Powered by
Subscribe to the only car newsletter you’ll ever need

“Fashionably late” small Volkswagen SUVs 12 months away


The Australian launch of Volkswagen’s two upcoming small SUVs is still about a year away, local VW executives have confirmed. Speaking with Chasing Cars at an SUV preview evening in Brisbane this week, Volkswagen Australia product manager reaffirmed that the Polo-sized T-Cross, and Golf-sized T-Roc are confirmed for our market, with local deliveries set to commence in “very early 2020”.

It’s been an excruciatingly long wait for Volkswagen’s compact SUVs to arrive down under, with local executives frank in their remarks. “It’s very fair to say we are fashionably late,’ said product manager Todd Ford. According to product marking manager Jeff Shafer, “it’s been a hard fight with head office.”

The Volkswagen T-Roc.

Mr Ford was bullish though that the eventual arrival – in a year’s time – of the T-Cross and T-Roc will introduce two SUVs “entering…with every Volkswagen attribute on offer”.

Both models will be pitched toward the more premium end of their classes – subcompact and small SUVs respectively. The T-Cross is expected to open with a price “beginning with a 2”, likely $28,990. The T-Roc, on the other hand, is targetting a “sub-$40,000” price point.

The Volkswagen T-Cross.

The T-Cross and T-Roc, which both utilise Volkswagen’s MQB platform, slot in underneath the Tiguan in size. When they arrive around January 2020, the new arrivals will swell Volkswagen’s local SUV offer to five, with T-Cross, T-Roc, Tiguan, Tiguan Allspace and Touareg ranging from subcompact to large in scale. Of the pack, though, only the recently launched Tiguan Allspace offers seven seats.

The Touareg, meanwhile, will launch to Australia in third generation form in “just a couple of months”. While the big Touareg is a five-seater, it is the range flagship for Volkswagen, sharing a platform with the Porsche Cayenne.

The cabin of the T-Cross.

On the smaller SUVs, the reasons for the long wait differ. The Polo-sized T-Cross is a brand new vehicle, which doesn’t even launch to European markets until April 2019, meaning that in relative terms, it is being fast-tracked to Australia with a mere nine month wait between European launch and Australian arrival.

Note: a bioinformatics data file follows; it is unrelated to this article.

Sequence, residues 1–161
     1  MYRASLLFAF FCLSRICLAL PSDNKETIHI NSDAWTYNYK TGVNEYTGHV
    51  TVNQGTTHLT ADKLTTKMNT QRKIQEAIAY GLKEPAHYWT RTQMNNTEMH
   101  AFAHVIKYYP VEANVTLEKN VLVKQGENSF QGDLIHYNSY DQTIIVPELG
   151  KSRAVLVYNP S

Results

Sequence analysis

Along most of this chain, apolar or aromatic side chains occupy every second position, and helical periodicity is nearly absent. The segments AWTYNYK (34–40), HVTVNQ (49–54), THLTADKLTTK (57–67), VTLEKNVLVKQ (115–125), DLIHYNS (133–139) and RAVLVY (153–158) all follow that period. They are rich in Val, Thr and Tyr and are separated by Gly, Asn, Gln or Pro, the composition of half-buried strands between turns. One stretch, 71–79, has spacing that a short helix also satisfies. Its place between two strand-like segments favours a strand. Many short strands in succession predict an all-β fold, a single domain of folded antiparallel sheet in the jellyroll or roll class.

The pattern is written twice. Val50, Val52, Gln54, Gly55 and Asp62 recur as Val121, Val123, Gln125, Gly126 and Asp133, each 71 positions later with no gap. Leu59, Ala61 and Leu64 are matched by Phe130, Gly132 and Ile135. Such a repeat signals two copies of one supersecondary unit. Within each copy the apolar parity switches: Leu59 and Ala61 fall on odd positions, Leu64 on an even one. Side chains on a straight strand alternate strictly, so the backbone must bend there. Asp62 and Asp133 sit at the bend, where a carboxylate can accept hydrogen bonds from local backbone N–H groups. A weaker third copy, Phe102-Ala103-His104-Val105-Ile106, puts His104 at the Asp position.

The Golf-scale T-Roc, on the other hand, has been a very long time coming. Revealed globally in August 2017, we’re already at eight months and counting. By the time the T-Roc hits Australian roads, it will be two and a half year old design. Good thing it’s a good looker, inside and out.

The T-Roc’s interior.

Unprecedented European demand pushed Australia, and other global markets, to the back of the T-Roc production queue.

T-Roc sales have technically already occurred in our part of the world: in 2018, Volkswagen New Zealand managed to secure 400 higher-spec T-Roc R-Line vehicles in British specification.

Those T-Rocs were offered to Volkswagen Australia, but the run was deemed too small and British specification too spartan, with the example vehicle on-site sporting substantial hard plastic surfacing inside. VW Australia’s general manager of corporate communications, Paul Pottinger, confirmed that locally-delivered cars will feature a plusher interior with additional soft-touch surfaces.

Mr Shafer assured Chasing Cars that the T-Cross won’t suffer the same delayed fate as the T-Roc, saying he was “pretty confident with the launch date” of the smaller of the pair. “It’ll probably be more about access to [ongoing] supply if it exceeds expectation.”

2019 Volkswagen T-Cross R-Line rear driving

The circa-$30,000 T-Cross, which will use a turbocharged three-cylinder engine, is expected to be the volume seller of the pair, Mr Shafer says, with the circa-$40,000 T-Roc assuming a more premium spot in the range, powered by larger four-cylinders and offering higher-end appointments.

Volkswagen aren’t expecting either of the new small SUVs to overtake the Golf in overall volume, which remains the brand’s top seller in Australia, selling around 9,000 units when the Golf hatch and wagon are taken as a whole.

2019 Volkswagen T-Cross R-Line driving

That said, Australia is a strong SUV market, with over half of all sales going to the crossover form factor. Europe is still a comparative car market, and yet there, demand for T-Roc is stronger than Golf. We wouldn’t be surprised if we saw the same effect occur in Australia.

“We have a task ahead of us in terms of educating customers that we have a broad SUV range,” said Mr Shafer. “But we have a good track record to build on, with Tiguan.” Well, with a year to get campaigns sorted, there’s no reason not to hit the ground running when the twin Ts – Cross and Roc – arrive next summer.